Early touts for the bill include the touted "fact" of 38 shootings on college campuses since 2010. One shooting every three weeks on how many thousands of campuses attended by how many millions of students? This is a crisis that requires putting more guns on college campuses? With what evidence that more guns wouldn't have made the shootings that did occur worse?
UPDATE: The bill was endorsed on a voice vote. No representative spoke in opposition.
A reminder quote from New York Times recently:
But there is a more fundamental problem with the idea that guns actually protect the hearth and home. Guns rarely get used that way. In the 1990s, a team headed by Arthur Kellermann of Emory University looked at all injuries involving guns kept in the home in Memphis, Seattle and Galveston, Tex. They found that these weapons were fired far more often in accidents, criminal assaults, homicides or suicide attempts than in self-defense. For every instance in which a gun in the home was shot in self-defense, there were seven criminal assaults or homicides, four accidental shootings, and 11 attempted or successful suicides.
See the student who shot himself in the hand at KUAF the other day.
This thinking is out of fashion at the Capitol, however. When is Sen. Woods going to introduce his Capitol carry bill?
Also, with churches now cleared for guns and campuses soon to follow, there are still a few places where, according to testimony today about the salubrious effects of added firepower, people are clearly unsafe. Let's repeal the rest of them:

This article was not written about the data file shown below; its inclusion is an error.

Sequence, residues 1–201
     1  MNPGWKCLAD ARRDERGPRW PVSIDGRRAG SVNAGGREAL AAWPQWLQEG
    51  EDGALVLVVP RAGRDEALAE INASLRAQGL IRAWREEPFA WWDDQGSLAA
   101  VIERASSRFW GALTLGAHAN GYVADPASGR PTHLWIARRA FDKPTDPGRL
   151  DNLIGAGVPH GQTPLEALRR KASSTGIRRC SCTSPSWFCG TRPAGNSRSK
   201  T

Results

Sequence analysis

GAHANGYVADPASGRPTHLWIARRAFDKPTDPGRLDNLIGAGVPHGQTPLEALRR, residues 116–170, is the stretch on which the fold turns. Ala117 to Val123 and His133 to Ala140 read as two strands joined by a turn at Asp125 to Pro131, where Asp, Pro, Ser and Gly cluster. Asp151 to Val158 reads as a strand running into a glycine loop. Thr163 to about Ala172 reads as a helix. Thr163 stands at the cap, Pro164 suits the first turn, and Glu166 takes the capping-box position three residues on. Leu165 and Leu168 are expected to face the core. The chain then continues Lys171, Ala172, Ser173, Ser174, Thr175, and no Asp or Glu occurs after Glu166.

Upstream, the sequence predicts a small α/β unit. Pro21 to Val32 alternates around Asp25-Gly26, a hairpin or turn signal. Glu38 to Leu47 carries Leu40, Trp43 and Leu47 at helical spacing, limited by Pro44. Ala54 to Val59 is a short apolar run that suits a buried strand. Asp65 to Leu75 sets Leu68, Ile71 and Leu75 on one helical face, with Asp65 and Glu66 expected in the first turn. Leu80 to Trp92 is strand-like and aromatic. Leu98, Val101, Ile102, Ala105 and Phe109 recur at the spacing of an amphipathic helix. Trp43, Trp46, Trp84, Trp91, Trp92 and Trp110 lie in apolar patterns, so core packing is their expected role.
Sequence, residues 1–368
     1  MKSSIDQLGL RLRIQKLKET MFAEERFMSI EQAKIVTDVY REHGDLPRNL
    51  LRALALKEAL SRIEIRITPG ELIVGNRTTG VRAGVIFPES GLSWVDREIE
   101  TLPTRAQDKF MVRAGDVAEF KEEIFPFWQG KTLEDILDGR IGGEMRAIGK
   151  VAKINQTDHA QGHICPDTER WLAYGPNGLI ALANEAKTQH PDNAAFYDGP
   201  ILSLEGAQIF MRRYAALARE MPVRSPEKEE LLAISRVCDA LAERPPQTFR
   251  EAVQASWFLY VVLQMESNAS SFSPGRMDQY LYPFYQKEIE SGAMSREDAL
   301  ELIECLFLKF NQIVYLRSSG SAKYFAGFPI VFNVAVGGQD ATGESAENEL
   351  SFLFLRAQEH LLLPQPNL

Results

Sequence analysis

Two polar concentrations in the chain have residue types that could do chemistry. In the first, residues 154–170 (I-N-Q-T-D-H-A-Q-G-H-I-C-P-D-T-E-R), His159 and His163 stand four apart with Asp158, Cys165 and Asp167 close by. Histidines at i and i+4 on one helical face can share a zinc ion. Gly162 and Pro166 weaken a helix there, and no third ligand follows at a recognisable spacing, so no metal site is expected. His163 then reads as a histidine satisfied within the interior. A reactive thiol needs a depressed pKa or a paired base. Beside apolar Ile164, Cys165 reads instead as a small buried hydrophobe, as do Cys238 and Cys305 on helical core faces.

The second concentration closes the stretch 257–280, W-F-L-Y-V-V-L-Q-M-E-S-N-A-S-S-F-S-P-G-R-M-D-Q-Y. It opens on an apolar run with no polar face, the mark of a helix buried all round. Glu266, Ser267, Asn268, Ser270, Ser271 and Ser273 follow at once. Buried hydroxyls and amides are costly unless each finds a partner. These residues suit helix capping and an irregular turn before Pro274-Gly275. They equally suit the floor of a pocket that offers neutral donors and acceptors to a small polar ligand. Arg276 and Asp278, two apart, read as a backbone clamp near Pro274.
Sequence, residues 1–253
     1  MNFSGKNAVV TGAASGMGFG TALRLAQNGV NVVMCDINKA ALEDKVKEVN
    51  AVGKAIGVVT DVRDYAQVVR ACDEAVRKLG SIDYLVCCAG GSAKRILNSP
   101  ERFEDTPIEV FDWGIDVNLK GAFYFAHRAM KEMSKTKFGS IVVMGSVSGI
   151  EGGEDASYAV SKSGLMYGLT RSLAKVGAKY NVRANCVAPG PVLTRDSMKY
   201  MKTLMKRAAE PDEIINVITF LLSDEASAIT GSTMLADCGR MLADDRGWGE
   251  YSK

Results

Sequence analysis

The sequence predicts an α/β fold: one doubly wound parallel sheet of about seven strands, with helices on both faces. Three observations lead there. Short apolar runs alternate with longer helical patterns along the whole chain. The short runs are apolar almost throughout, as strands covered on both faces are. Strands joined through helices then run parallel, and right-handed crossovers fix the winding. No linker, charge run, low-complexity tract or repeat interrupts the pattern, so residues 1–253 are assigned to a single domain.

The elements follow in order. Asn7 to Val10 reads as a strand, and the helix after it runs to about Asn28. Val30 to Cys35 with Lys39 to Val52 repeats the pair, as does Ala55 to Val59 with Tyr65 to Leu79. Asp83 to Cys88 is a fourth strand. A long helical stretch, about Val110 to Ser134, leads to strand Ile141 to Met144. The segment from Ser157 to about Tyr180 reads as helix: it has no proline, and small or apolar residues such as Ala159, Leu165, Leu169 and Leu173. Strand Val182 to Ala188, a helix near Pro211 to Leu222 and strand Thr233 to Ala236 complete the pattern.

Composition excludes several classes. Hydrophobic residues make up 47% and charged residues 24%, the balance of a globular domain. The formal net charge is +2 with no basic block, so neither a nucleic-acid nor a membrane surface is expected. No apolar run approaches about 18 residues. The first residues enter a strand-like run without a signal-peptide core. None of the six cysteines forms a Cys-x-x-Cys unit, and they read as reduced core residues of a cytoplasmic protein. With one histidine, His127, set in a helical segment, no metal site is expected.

(1) Any police station, sheriff's station, or Department of Arkansas State Police station;
(2) Any Arkansas Highway Police Division of the Arkansas State Highway and Transportation Department facility;
(3) (A) Any building of the Arkansas State Highway and Transportation Department or onto grounds adjacent to any building of the Arkansas State Highway and Transportation Department.
(B) However, subdivision (3)(A) of this section does not apply to a rest area or weigh station of the Arkansas State Highway and Transportation Department;
(4) Any detention facility, prison, or jail;
(5) Any courthouse;
(6) (A) Any courtroom.
(B) However, nothing in this subchapter precludes a judge from carrying a concealed weapon or determining who will carry a concealed weapon into his or her courtroom;
(7) Any polling place;
(8) Any meeting place of the governing body of any governmental entity;
(9) Any meeting of the General Assembly or a committee of the General Assembly;
(10) Any state office;
(11) Any athletic event not related to firearms;
(12) Any portion of an establishment, except a restaurant as defined in § 3-9-402, licensed to dispense alcoholic beverages for consumption on the premises;
(13) Any portion of an establishment, except a restaurant as defined in § 3-9-402, where beer or light wine is consumed on the premises;
(15) Inside the passenger terminal of any airport, except that no person is prohibited from carrying any legal firearm into the passenger terminal if the firearm is encased for shipment for purposes of checking the firearm as baggage to be lawfully transported on any aircraft;
Here's a bell ringer for news junkies: Guardian newspaper editor summoned to parliament Accused by…
Quick results from my new research project: The crime is defined. The act by which…
More government control is needed and Chicago is the model.
A&E Feature / To-Do List / In Brief / Movie Reviews / Music Reviews / Theater Reviews / A&E News / Art Notes / Graham Gordy / Books / Media / Dining Reviews / Dining Guide / What's Cookin' / Calendar / The Televisionist / Movie Listings / Gallery Listings